Although Pakistan will maintain contacts with Karzai, it is stepping up engagements with opposition figures, the Taliban, Washington and other parties to promote reconciliation, Foreign Ministry officials said.
"There is no other option but reconciliation - with or without Karzai," said the top Foreign Ministry official. "If he continues to be this stubborn, him and his High Peace Council will naturally be sidelined."
A second senior Pakistani Foreign Ministry official cited several examples of how Karzai has blocked peace efforts. At a conference in January, for example, Karzai insisted there would be no more "back door" peace contacts.
The official also accused Karzai of delaying the opening of a Taliban office in Qatar that could be used in the reconciliation efforts. He did not say why.
Afghan officials say Karzai is fully committed to the peace process, but wants to ensure it is Afghan-driven.
Responding to the accusation that Karzai is an obstacle to peace, an Afghan government official said: "We totally reject this. It is a baseless allegation."
Analysts say Pakistan has a long-standing fear of an Afghan government close to its old foe, India. Karzai has said "no foreign elements or entities should attempt to own Afghan peace efforts". He also warned: "I am not going to allow other attempts to succeed."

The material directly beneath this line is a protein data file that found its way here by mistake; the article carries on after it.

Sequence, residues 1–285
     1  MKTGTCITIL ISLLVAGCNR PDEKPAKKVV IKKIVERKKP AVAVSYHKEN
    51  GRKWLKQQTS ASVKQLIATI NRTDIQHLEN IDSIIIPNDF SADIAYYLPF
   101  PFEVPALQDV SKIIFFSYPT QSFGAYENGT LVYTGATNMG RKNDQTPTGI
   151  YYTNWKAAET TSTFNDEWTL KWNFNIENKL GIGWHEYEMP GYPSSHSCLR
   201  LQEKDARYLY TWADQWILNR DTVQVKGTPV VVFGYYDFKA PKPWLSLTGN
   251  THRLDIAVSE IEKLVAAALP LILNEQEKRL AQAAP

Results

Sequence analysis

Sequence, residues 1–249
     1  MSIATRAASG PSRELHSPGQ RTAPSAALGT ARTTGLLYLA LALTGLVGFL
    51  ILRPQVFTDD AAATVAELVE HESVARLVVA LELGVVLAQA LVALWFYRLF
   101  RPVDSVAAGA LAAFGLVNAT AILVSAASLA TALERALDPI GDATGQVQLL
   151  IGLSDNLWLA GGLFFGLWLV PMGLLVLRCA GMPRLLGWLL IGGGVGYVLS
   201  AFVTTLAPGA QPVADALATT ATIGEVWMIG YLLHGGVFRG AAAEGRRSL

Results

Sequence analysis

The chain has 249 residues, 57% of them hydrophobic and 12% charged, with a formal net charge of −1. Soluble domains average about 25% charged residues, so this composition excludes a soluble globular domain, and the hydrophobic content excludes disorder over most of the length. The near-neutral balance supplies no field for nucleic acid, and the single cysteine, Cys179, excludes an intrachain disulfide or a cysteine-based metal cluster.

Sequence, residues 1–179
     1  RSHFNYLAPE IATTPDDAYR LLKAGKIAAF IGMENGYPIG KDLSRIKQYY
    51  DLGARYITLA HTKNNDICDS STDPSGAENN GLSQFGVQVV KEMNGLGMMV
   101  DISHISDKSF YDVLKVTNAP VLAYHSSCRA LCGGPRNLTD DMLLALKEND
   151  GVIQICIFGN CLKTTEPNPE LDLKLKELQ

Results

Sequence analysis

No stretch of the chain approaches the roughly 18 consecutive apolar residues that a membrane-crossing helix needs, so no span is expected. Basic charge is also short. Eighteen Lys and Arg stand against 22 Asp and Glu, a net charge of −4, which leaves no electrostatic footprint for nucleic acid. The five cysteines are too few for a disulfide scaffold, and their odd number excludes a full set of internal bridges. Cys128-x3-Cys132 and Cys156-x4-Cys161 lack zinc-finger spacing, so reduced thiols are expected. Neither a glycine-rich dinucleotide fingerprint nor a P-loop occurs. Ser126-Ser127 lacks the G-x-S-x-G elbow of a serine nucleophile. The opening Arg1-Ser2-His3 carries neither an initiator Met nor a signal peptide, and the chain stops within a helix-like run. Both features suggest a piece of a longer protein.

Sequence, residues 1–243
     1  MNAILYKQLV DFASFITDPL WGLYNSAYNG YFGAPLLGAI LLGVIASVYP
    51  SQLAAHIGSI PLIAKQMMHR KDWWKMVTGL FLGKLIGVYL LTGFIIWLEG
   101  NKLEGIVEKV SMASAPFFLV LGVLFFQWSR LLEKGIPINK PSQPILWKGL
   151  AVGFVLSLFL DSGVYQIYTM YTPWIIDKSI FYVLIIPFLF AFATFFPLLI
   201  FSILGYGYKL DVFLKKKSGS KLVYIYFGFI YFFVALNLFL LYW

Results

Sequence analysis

So far, Karzai has failed to secure direct talks with the Taliban. He has repeatedly asked for Pakistan's support. Pakistan has helped Taliban representatives to travel to Qatar to make contacts with U.S. officials.
At the same time, Pakistan has been building bridges with the Northern Alliance, a constellation of anti-Taliban figures who have traditionally been implacable critics of Islamabad, and close to India.
But Kabul wants Pakistan to hand over top Afghan Taliban leaders which could prove useful in the peace process.
"All Taliban leadership are sitting in Pakistan. We need full cooperation of Pakistan in order for them to be allowed to travel and be allowed to talk," Afghan Foreign Minister Zalmay Rassoul told a news conference in Sydney.
Karzai's remarks during interviews and in meetings with Pakistani officials have led Islamabad to conclude he has become too inflexible. They cite Karzai's recent accusation that the United States was colluding with the Taliban.
"What does Karzai have to show for his effort to bring insurgents to the table? We've released prisoners. We've facilitated talks," said another senior Foreign Ministry official.